The sheer power of Butler’s interest in power emerges with stunning vividness in Parable of the Sower, my personal favorite of all her novels. Like so many post-apocalyptic cyberpunk texts, Parable begins after the fall of civilization as we in the late twentieth century U.S. have come to know it. Gone are the middle-class, basic social services (all of which have been privatized), and clean air and water. In their place is a United States in rapid decline where the majority of its subjects are living on the streets or as “debt” slaves in gated communities that function more like prisons than anything else. When I teach this novel, written the same year as the Rodney King riots in Los Angeles, my students often respond with despair. “This is too close to home,” as one put it last quarter. And, yet, this is precisely the response Butler wanted. She wrote it as a cautionary tale: “If we keep doing what we’re doing, here’s what we might end up with.”[vii]

With Parable, though, Butler not only mirrors for us the deadly consequences of unbridled capitalism and environmental destruction. All of this is there, sure. But what she also offers us is a paradigm for change and resistance. I am speaking, of course, of Earthseed, a new religion that Butler, through her protagonist Lauren, imagines as an alternative to dominant Western religions. In fact, Parable comprises two texts: the dystopian reality into which we are thrust and the “Book of Living,” Earthseed’s mission statement, snippets of which are placed at the beginning of most of the chapters. Rooted in a philosophical view that reveres nature, acknowledges the constant of change, and insists on the need for collaboration and community, Earthseed is Butler’s alternative to Christian fundamentalism and its tendency to subordinate the creative and transformative potential of human action to an authoritative, patriarchal, and ultimately oppressive Christian God. With Earthseed, prayer gives way to practice, belief is always attended by action, and Change is both positive and inevitable:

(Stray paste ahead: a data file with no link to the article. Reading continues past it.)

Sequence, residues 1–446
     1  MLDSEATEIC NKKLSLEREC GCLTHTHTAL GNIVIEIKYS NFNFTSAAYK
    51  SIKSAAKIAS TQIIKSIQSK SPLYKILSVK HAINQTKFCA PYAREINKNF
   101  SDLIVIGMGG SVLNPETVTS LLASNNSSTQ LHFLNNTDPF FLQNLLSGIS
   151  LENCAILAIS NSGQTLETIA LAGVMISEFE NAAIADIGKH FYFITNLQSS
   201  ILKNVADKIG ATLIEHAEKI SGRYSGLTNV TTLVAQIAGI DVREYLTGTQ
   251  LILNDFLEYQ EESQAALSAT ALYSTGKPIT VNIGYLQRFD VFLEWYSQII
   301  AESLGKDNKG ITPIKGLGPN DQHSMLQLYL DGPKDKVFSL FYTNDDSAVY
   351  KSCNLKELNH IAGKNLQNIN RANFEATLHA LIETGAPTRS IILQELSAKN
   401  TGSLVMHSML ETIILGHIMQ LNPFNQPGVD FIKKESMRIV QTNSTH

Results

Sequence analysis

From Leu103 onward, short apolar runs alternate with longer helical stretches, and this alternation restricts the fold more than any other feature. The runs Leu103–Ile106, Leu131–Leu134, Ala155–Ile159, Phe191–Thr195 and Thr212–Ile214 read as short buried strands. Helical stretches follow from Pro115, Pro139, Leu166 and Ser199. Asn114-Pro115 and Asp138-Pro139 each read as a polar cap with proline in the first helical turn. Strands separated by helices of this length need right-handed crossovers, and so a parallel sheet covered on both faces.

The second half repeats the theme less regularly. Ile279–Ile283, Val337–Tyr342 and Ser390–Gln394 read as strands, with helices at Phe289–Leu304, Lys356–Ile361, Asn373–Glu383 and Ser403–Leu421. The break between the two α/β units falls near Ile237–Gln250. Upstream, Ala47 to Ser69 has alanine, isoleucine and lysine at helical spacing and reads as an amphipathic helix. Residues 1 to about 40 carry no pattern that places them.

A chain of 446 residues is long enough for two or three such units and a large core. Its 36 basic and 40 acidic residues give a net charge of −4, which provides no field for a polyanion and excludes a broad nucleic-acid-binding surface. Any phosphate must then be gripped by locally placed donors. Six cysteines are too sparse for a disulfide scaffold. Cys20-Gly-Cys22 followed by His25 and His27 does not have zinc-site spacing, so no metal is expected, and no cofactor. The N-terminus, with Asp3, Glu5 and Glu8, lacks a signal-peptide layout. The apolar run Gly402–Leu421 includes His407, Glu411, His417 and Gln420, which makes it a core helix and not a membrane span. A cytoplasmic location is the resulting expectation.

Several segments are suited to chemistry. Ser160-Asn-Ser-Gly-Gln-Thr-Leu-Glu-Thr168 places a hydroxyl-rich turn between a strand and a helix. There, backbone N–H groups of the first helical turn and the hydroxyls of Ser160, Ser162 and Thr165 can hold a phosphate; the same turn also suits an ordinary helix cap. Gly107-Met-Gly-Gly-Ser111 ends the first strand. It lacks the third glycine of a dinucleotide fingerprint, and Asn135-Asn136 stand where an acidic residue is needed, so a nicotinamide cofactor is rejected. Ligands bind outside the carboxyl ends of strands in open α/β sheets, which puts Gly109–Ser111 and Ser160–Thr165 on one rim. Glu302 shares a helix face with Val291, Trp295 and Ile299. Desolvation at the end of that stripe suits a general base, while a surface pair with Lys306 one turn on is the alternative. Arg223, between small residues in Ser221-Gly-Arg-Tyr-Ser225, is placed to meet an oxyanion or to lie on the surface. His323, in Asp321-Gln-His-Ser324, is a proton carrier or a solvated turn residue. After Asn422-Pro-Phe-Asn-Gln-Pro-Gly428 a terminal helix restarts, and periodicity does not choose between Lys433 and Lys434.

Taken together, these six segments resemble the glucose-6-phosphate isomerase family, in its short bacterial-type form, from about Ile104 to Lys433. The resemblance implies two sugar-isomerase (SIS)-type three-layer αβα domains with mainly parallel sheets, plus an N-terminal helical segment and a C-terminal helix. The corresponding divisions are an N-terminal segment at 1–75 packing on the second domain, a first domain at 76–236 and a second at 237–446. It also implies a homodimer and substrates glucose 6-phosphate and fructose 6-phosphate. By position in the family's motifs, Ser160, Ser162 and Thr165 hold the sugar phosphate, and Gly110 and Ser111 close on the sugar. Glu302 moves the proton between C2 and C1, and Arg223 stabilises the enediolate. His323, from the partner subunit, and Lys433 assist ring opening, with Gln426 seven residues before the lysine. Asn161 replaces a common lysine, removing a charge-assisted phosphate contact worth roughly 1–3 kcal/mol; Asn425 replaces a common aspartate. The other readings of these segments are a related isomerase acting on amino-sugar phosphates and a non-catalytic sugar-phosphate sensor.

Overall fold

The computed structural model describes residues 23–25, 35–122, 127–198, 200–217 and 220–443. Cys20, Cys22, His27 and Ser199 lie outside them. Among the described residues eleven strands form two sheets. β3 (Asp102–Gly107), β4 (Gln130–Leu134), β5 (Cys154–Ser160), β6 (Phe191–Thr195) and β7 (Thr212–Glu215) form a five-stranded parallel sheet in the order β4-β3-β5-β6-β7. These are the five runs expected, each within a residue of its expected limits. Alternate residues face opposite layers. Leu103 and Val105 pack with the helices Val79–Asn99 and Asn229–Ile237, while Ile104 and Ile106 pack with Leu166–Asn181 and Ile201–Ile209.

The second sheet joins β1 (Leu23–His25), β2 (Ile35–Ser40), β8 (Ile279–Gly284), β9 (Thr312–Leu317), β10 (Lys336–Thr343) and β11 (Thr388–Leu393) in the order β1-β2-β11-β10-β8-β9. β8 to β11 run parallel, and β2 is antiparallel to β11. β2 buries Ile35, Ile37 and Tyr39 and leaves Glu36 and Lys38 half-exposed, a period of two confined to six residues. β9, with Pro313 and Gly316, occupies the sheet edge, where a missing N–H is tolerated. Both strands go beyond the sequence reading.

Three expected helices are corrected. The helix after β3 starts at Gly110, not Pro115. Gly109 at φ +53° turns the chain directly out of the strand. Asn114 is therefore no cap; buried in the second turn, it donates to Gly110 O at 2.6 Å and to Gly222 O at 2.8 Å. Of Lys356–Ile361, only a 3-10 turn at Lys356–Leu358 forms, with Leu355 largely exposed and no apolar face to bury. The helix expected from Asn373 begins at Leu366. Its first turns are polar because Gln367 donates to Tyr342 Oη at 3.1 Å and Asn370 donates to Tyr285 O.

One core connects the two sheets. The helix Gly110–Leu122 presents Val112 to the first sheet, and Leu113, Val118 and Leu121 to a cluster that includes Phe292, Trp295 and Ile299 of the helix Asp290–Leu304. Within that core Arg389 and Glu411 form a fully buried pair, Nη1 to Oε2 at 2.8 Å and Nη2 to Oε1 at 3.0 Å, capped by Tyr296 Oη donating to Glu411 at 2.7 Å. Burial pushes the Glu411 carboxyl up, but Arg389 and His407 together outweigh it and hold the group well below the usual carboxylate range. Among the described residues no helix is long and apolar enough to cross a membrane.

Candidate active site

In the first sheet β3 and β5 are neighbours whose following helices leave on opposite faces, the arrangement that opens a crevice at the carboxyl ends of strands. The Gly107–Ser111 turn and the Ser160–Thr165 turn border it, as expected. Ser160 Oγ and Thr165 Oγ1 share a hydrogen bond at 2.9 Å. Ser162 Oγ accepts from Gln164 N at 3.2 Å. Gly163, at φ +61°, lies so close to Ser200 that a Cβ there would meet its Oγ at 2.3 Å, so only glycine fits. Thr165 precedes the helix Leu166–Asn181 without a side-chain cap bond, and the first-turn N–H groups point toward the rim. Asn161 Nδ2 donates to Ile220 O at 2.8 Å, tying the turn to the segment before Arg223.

As wind,

As water,

As fire,

As life,


Is both creative and destructive,

Demanding and yielding,

Sculptor and clay.

God is infinite Potential.

God is Change.[viii]

Here, in the midst of what can only be described as a type of hell on Earth, Butler articulates a counter-narrative. Here, despite her belief that humanity is innately prone to self-destruction – remember her thing for ‘power’ – Butler dares to imagine an alternative. And this alternative is not outside of us or from the outside: it is a return to our potential to create, to shape, and to change.

In sum, Octavia Butler has left a mark not only because she was the first black woman science fiction writer to make a name for herself, or because she is the first science fiction writer – male or female, black or white – to win the prestigious MacArthur “Genius” Grant. She has left her mark because through stories like Parable Butler has proven that marginality can be productive, powerful, and transformative. For although she wrote after the steady decline of the Civil Rights era and during a time (1980s-1990s) in which the black underclass grew exponentially – as it continues to do so today – Butler never ended at hopelessness. Like her marginalized black women protagonists, who always seem to be drawn to writing and collaboration, Octavia Butler is the ultimate ‘radical’ postmodernist whose stories provide a safe space to question, shape, and transform the worlds within and without us.

[i] Conversations with Octavia Butler, 173

[ii] Lilith’s Brood, 467

[iii] ibid., 37

[iv] Conversations, 173

[v] bell hooks, “Marginality as Site of Resistance,” 341

[vi] Conversations, 5

[vii] Conversations, 167

[viii] Parable of the Sower, 270